Monday, October 4, 2010

Why Would God Do This to Me?

I realize a lot of folks are angry or discouraged by Elder Packer's words in General Conference. But I'm not. I'm actually encouraged.

When Elder Packer denied that homosexuality could possibly be inborn, and rhetorically posed the question, "Why would our Heavenly Father do that to anyone?" he was asking the same question I and countless other gay folks have asked ourselves.

And the reason we asked ourselves such a question is because our experience of our sexual orientation as some fundamental, inherent aspect of our beings prompted us to ask it. Because our efforts to stamp this aspect of ourselves out, to deny it, to run away from it, or to "pray it away" simply and utterly failed, no matter how much faith we exercised and no matter how urgent our desire to be straight. Yes, this is an existential problem. It is very much about who we are, what our natures are. That is why the problem of gay suicide is very much connected to this issue. To be or not to be, that is the question. Gay suicide is the urgency of our desire to be something we are not crashing up against the reality of what we are. And out of the pain of the conflict, if we somehow survive it, comes that anguished question: "Why, God, would you do this to me?"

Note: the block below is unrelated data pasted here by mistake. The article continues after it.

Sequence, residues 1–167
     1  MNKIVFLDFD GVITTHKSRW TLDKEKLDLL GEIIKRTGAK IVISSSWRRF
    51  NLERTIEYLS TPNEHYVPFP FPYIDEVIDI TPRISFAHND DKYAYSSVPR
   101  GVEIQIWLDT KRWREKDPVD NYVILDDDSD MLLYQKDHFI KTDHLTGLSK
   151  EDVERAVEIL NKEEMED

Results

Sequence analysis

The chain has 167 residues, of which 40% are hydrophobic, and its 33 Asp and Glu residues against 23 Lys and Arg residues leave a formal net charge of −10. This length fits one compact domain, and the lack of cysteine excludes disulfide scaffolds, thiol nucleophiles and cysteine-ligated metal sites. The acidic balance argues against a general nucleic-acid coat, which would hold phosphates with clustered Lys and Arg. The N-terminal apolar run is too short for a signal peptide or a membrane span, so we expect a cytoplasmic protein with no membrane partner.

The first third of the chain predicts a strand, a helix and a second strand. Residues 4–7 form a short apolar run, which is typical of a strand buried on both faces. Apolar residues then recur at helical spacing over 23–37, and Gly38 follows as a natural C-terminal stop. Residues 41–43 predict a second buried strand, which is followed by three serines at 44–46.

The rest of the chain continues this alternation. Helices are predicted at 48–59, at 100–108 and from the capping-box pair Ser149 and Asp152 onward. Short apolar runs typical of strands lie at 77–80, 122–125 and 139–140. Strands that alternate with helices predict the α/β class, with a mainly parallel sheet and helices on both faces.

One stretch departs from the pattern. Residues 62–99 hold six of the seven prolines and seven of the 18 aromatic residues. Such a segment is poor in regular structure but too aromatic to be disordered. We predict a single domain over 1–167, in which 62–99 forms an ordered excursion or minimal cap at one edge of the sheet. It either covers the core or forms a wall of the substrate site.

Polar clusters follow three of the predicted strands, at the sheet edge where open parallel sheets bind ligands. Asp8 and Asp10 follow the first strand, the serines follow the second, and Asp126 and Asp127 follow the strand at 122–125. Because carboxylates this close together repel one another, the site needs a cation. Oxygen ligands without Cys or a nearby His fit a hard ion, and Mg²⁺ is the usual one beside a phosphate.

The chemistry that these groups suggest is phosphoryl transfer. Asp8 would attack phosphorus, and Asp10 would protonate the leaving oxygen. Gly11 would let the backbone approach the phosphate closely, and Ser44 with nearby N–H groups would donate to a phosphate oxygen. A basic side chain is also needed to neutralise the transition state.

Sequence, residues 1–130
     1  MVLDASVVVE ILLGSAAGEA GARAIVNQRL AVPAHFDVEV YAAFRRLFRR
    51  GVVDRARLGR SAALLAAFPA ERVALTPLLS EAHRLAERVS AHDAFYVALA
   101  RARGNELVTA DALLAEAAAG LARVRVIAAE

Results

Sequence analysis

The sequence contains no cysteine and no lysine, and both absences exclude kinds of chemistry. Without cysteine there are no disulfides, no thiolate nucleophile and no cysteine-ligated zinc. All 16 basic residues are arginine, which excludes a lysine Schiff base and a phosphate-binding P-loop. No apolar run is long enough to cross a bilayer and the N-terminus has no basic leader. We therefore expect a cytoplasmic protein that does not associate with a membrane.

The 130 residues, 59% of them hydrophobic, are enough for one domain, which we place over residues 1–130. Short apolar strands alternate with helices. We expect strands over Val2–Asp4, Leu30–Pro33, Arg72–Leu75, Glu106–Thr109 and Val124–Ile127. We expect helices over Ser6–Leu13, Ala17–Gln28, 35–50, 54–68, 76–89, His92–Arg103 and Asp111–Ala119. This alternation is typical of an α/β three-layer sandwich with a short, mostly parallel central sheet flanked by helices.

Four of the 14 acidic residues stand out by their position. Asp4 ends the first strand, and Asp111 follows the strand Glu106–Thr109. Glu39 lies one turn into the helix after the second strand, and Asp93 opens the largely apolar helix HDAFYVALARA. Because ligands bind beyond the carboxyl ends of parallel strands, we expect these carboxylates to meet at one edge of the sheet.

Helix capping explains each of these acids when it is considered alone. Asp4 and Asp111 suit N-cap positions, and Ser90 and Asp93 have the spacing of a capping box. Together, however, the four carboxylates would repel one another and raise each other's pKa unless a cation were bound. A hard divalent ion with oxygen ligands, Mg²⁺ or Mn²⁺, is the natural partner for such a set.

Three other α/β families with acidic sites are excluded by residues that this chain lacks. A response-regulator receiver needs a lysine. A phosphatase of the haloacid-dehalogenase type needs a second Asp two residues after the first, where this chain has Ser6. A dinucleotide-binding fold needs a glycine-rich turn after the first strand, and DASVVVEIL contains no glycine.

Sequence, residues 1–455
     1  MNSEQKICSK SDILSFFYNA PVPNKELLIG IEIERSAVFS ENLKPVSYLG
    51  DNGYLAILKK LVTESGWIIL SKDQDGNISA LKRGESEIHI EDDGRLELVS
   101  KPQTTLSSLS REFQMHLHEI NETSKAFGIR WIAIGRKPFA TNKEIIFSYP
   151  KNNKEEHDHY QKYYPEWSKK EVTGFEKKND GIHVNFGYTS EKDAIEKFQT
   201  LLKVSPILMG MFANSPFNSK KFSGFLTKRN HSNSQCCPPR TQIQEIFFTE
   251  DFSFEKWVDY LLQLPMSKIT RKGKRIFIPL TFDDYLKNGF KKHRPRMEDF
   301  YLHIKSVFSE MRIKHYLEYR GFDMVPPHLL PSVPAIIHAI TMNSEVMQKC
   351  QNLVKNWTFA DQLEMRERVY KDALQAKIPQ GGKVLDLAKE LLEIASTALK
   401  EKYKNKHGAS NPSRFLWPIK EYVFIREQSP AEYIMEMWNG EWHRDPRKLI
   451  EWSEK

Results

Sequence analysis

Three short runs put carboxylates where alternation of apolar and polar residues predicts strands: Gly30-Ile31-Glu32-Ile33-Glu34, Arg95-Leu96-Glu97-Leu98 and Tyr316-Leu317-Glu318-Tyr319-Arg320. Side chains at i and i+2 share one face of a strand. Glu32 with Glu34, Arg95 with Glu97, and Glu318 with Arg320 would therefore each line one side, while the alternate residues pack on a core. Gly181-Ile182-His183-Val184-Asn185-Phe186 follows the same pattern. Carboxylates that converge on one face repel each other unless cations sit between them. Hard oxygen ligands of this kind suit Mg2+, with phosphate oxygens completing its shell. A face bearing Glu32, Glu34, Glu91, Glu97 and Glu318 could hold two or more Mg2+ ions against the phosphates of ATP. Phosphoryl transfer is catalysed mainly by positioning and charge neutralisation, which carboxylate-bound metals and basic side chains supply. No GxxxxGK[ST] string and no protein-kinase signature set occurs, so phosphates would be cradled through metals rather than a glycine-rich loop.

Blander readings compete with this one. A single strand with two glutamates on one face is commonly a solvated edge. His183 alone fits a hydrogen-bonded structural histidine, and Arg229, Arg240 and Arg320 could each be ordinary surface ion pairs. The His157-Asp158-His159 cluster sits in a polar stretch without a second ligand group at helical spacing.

We can try to deny the data, but the data is there. The lives, the experiences, the struggles, the truth is all there, bigger than the denials.

So Elder Packer's speech is comforting to me. When he asks, "Why would our Heavenly Father do that to anyone?" he is asking the right question.


playasinmar said...

J G-w, I think you could find the silver lining of being chased by a T-Rex.

J G-W said...